Frank Wren named Red Sox VP of baseball operations

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The Red Sox have announced that they have named former Orioles and former Braves General Manager Frank Wren their new vice president of baseball operations.

Which requires us to regroup a bit, because that’s a lot of GM-types in the Red Sox’ front office.

Dave Dombrowski was hired last month as the Sox’ President of Baseball operations. He will, presumably, have full and final say over any baseball moves the Red Sox make. His hiring caused former GM Ben Cherington to resign, leading to yesterday’s promotion of senior vice president/assistant general manager Mike Hazen to the post of general manager. Now Wren enters the picture, one presumes, in between Dombrowski and Hazen.

UPDATE: Nope, Wren is below Hazen as well. Which sort of moots all the stuff I had in an earlier version of this post about the dynamics between Dombrowski, Hazen and Wren. Wren, it seems, is going to be merely an advisor, not unlike former Royals GM Allard Baird is with the Sox.

Which makes this more a function of title inflation than anything else. Advisors are now “Vice Presidents” despite not really having any executive authority. General Managers now answer to people higher on the chain. If it makes everyone feel better and more important, well, so be it.

Royals outfielder Gordon to retire after 14 seasons

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Kansas City Royals outfielder Alex Gordon, the former first-round pick whose rollercoaster career took him from near bust to All-Star and Gold Glove winner, announced Thursday he will retire after the season.

Gordon was the second overall pick in the 2005 first-year player draft following a standout career at Nebraska, where he won the Golden Spikes Award as the best amateur in baseball. He made his big league debut two years later and, after a few years shuttling back and forth to the minors, moved from third base to the outfield and finally found success.

He wound up playing his entire 14-year career in Kansas City, joining only George Brett and Frank White as position players with that much longevity with the franchise. He heads into a weekend four-game series against Detroit with the third-most walks (682), fourth-most homers (190), fifth-most doubles (357) and sixth-most games played (1,749) in club history.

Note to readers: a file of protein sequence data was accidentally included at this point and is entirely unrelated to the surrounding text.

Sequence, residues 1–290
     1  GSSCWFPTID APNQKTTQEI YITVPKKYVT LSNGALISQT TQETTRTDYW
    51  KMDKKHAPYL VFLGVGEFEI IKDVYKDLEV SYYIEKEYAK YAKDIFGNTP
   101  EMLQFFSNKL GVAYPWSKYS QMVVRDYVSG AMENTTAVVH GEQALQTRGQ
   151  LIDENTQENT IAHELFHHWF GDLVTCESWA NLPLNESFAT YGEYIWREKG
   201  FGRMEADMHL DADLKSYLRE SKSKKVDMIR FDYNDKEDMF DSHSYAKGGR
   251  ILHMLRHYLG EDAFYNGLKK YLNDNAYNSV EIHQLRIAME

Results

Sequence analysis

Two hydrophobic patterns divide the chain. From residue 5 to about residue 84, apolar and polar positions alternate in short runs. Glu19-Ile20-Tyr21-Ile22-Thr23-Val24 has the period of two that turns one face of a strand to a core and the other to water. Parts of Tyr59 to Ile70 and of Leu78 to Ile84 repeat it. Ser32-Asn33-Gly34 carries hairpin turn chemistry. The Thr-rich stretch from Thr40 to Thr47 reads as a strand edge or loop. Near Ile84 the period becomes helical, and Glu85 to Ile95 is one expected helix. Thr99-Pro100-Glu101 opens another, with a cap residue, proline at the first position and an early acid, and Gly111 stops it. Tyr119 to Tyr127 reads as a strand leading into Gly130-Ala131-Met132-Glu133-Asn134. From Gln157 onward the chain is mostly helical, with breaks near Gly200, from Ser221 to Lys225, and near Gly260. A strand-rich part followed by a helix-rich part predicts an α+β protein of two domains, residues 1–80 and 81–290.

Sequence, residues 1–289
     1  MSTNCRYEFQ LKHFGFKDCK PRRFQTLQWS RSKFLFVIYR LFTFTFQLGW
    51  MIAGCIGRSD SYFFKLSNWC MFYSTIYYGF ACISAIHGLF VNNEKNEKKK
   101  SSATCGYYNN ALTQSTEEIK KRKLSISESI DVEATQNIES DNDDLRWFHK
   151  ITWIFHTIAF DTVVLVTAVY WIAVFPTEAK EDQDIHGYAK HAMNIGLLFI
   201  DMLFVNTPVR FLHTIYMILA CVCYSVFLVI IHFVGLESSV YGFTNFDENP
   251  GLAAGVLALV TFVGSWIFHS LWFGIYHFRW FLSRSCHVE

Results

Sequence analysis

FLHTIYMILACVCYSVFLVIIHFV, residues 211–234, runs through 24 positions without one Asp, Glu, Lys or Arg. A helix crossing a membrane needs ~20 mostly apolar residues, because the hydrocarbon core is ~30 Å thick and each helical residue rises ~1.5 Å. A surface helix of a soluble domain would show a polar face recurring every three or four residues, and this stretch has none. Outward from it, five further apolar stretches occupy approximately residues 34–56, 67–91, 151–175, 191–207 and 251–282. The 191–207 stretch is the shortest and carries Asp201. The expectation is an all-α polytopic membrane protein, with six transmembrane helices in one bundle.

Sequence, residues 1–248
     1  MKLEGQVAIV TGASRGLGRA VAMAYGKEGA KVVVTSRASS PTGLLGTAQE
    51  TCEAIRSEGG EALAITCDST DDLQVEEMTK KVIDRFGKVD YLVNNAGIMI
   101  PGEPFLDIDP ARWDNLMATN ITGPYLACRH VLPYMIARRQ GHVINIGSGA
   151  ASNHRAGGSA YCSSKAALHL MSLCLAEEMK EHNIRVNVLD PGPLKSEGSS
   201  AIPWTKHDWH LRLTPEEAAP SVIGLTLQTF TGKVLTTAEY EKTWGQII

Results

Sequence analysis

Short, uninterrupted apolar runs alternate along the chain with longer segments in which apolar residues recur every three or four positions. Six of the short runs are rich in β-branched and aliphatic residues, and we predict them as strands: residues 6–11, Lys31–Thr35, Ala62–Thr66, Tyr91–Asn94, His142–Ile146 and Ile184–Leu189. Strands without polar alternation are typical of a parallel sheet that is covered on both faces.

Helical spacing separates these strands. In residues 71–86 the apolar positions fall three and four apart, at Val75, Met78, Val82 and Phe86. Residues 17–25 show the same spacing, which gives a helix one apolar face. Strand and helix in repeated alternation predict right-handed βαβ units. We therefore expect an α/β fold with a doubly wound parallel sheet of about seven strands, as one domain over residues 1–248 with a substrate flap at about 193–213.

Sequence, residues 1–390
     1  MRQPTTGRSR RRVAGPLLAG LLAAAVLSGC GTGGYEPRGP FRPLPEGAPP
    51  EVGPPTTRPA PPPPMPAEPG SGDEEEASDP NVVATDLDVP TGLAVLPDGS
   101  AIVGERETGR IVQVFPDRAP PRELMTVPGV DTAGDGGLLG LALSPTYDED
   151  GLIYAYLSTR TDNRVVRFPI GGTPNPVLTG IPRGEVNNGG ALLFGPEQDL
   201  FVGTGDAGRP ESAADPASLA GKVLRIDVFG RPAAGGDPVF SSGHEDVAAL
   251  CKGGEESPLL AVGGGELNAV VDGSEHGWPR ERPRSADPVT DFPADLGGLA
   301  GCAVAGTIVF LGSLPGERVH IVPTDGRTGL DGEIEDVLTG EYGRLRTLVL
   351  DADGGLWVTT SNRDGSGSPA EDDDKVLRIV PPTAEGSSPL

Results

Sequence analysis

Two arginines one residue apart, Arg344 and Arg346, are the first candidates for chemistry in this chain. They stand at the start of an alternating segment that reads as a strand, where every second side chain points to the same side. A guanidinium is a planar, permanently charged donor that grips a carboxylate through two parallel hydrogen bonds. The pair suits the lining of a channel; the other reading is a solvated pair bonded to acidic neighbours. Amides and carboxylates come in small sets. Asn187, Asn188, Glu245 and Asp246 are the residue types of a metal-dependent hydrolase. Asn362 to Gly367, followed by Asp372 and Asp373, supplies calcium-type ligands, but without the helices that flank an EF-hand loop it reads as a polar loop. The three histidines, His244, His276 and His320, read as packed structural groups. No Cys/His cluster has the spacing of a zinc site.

The three-time All-Star also holds the dubious distinction of being the Royals’ career leader in getting hit by pitches.

While he never quite hit with the kind of average the Royals hoped he would, Gordon did through sheer grit turn himself into one of the best defensive players in the game. He is the only outfielder to earn seven Gold Gloves in a nine-year span, a number that trails only White’s eight for the most in franchise history, and there are enough replays of him crashing into the outfield wall at Kauffman Stadium or throwing out a runner at the plate to run for hours.

Gordon won the first of three defensive player of the year awards in 2014, when he helped Kansas City return to the World Series for the first time since its 1985 championship. The Royals wound up losing to the Giants in a seven-game thriller, but they returned to the Fall Classic the following year and beat the Mets in five games to win the World Series.

It was during the 2015 that Gordon hit one of the iconic homers in Royals history. His tying shot off Mets closer Jeurys Familia in Game 1 forced extra innings, and the Royals won in 14 to set the tone for the rest of the World Series.

Gordon signed a one-year contract to return this season, and he never considered opting out when the coronavirus pandemic caused spring training to be halted and forced Major League Baseball to play a dramatically reduced 60-game schedule.

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